Remember though when everyone was all aflutter over contaminated soils? Auckland's councils, if you'll recall, insisted people's backyards had been contaminated by earlier horticultural use, and between them they insisted that we be all aflutter over what horrors these contaminated soils might lead to.
Councils issued all sorts of press statements and placed all sorts of legal declarations on property titles. Parents were warned not to let their children play outside, and to take particular care with washing vegetables grown in these soils, and to wear gloves while gardening. Values of sections plummeted and many sales were lost because of the scare. Newspapers were sold, television reporters looked concerned, and everyone got right into the swing (as you do) of being all aflutter.
Guess what? There was nothing to worry about. Notes Owen McShane, who at the time was one of the few to actually look at the scare story objectively:
[Recent] Auckland Regional Council minutes record that good science has now prevailed and the "thresholds" for contamination have been brought into line with international best practice with the result that hardly any properties in Auckland can be declared contaminated.A chocolate fish goes to the first person who sees this news reported anywhere other than the usual few skeptics of this stuff. As McShane concludes, "in spite of the huge newspaper and general media coverage given to the claimed crisis of toxic soils in Auckland's back yards at the time ... the public has not been advised that those fears have now proven groundless, and that the ARC has changed its criteria. This is an unfortunate pattern. Premature science is used to scare people witless, and the news media have a field day. But when the science finally proves the fears to be totally without foundation there is no attempt to set the record straight."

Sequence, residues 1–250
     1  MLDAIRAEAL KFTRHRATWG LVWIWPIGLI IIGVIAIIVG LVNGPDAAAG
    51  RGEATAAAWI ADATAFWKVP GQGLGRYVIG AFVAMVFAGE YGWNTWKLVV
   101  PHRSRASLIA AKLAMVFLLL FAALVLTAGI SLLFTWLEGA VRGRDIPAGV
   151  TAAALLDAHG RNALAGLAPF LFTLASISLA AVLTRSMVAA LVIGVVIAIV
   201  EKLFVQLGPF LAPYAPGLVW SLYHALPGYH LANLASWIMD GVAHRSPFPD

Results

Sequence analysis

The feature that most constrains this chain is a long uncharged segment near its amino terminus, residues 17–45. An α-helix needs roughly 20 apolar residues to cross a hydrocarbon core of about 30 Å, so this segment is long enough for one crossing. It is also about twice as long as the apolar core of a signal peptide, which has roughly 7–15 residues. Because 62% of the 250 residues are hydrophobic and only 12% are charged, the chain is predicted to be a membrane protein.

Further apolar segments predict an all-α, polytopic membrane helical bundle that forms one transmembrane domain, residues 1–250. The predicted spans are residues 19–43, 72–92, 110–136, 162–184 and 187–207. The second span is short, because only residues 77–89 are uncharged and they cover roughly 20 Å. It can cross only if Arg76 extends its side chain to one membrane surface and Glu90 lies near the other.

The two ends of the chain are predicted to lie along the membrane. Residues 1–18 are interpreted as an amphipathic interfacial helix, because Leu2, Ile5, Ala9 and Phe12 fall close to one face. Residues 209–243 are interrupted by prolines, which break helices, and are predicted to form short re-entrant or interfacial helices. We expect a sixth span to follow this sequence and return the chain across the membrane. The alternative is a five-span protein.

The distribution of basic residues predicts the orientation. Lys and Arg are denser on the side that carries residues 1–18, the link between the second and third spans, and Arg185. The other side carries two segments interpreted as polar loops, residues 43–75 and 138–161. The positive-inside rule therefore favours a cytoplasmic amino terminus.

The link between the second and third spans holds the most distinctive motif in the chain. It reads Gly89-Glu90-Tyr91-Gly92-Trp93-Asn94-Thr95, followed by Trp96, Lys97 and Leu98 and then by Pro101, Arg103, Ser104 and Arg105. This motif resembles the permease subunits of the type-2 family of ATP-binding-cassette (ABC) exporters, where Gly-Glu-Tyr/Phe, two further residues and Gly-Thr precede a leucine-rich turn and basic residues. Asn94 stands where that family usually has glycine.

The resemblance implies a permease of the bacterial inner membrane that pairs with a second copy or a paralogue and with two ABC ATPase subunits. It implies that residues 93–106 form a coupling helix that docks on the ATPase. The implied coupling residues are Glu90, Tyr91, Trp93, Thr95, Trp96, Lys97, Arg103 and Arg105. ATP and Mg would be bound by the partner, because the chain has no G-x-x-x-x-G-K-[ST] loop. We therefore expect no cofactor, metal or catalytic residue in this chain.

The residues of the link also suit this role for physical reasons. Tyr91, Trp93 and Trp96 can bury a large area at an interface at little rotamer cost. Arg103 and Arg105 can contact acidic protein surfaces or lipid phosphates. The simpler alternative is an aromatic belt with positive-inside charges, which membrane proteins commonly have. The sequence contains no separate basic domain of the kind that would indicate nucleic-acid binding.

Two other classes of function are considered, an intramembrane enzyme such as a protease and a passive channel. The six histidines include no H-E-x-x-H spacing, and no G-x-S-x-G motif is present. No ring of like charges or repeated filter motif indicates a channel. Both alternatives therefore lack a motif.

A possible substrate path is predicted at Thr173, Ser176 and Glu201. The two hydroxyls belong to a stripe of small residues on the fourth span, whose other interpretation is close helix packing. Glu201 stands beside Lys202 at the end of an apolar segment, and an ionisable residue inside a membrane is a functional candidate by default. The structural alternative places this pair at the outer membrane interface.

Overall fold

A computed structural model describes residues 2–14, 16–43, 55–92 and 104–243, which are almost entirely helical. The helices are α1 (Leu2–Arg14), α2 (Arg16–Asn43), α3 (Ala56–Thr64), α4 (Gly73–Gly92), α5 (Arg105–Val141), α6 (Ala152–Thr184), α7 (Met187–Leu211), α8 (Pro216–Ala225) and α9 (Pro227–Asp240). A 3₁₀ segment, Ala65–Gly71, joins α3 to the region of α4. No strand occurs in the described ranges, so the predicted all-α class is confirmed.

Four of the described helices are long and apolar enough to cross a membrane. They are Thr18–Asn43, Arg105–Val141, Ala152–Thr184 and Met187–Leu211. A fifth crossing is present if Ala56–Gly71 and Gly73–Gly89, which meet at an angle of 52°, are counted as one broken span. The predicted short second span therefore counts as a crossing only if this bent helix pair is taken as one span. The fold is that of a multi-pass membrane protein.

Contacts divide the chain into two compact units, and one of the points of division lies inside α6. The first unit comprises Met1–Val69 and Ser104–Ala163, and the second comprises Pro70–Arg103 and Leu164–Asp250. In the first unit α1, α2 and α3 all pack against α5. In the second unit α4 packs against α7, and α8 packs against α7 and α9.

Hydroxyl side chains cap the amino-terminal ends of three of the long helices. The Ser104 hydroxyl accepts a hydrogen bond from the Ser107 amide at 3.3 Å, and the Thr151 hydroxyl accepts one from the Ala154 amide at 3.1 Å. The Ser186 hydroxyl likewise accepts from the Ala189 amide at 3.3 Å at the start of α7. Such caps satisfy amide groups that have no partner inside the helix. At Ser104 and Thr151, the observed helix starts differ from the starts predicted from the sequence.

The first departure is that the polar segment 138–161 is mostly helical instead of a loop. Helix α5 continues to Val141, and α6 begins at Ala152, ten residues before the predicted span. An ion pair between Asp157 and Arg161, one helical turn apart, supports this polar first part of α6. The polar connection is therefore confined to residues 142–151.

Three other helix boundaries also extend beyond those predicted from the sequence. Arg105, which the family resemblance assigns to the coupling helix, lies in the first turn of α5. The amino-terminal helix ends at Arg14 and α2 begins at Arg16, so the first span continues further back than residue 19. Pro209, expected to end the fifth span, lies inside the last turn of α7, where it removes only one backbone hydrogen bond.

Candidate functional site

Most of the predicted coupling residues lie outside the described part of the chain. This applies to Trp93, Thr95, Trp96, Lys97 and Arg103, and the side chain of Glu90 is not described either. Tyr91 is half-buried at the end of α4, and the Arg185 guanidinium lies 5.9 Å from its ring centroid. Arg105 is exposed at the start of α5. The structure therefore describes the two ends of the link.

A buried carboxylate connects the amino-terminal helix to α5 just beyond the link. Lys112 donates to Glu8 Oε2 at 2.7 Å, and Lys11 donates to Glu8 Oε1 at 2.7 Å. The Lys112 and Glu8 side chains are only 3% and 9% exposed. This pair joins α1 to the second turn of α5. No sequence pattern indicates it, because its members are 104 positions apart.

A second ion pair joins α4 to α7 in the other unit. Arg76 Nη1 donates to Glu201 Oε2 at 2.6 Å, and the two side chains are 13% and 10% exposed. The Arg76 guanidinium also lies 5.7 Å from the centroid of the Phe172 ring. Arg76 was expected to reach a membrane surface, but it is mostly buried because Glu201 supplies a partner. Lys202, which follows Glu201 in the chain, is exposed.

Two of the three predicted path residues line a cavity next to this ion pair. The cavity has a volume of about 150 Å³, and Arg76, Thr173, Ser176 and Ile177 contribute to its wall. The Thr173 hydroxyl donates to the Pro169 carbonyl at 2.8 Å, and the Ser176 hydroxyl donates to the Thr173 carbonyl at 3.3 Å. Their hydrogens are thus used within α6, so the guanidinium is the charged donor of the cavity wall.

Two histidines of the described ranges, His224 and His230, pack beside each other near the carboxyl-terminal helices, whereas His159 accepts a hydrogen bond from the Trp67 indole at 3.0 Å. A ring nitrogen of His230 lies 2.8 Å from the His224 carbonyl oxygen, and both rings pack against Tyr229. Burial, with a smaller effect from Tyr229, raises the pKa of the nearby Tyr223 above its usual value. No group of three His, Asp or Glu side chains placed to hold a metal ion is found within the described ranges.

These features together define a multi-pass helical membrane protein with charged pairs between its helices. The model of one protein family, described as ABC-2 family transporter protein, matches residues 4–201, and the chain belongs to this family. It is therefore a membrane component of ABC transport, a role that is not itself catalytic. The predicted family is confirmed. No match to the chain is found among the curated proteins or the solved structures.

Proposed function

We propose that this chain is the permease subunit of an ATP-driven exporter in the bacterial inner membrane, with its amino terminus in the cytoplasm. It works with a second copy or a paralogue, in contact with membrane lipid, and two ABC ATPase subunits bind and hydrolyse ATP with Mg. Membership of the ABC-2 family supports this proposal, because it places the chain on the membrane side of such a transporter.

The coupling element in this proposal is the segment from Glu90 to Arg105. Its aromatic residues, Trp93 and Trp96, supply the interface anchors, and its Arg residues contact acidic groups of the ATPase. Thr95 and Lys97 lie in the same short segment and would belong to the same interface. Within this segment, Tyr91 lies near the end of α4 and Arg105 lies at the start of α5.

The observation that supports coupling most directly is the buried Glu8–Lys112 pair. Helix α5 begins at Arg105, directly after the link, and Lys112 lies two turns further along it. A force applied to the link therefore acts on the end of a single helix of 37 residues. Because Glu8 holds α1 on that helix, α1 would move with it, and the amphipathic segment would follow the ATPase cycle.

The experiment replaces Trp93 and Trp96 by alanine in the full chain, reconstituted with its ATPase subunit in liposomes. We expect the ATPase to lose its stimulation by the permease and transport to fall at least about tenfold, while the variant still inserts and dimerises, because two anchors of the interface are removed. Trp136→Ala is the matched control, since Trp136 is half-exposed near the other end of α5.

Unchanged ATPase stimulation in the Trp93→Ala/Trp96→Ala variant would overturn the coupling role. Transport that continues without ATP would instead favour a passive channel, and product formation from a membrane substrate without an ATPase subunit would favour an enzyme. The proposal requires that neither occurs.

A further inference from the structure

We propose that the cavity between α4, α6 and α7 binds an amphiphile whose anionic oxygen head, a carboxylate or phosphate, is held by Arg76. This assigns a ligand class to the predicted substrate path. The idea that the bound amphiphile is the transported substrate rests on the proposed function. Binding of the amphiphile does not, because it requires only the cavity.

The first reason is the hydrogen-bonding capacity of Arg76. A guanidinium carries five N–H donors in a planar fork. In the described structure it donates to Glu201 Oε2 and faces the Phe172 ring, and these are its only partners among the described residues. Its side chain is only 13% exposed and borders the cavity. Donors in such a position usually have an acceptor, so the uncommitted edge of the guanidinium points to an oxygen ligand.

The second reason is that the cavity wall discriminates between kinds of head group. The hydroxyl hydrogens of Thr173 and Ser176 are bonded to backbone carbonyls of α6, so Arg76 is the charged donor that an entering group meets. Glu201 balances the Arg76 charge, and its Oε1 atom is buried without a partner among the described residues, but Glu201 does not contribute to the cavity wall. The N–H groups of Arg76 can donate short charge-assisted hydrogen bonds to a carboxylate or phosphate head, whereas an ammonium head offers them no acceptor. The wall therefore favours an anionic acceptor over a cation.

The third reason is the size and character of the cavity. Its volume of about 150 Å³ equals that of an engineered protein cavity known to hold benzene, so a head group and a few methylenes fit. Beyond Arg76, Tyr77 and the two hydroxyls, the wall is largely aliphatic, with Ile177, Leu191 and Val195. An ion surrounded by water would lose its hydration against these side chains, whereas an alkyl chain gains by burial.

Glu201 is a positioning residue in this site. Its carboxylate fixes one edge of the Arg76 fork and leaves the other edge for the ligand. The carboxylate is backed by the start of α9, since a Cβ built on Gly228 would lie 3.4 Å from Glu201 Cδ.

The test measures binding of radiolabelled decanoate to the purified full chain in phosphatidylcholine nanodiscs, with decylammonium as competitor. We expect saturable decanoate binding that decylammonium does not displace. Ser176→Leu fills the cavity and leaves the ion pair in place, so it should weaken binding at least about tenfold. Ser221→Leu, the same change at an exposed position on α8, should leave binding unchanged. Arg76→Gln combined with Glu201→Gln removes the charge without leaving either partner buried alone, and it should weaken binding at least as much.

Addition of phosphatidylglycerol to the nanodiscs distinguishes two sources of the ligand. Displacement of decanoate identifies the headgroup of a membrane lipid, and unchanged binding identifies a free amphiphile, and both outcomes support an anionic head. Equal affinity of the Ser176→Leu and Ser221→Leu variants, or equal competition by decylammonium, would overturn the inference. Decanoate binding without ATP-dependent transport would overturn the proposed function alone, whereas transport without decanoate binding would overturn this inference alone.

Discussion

At the time of "the great panic" ARC press releases were claiming that up to 5,000 residential sites in Auckland City had been rendered toxic by their previous use as vineyards, orchards or general horticulture.
A "well informed source" tells me that, using the revised criteria, this number has been reduced to maybe half a dozen sites.
So the ARC is to be congratulated for admitting error and setting things to rights.
But shouldn't someone let the Auckland public know?
The real scare story is not contaminated clothes or uncontaminated soils, but contaminated common sense.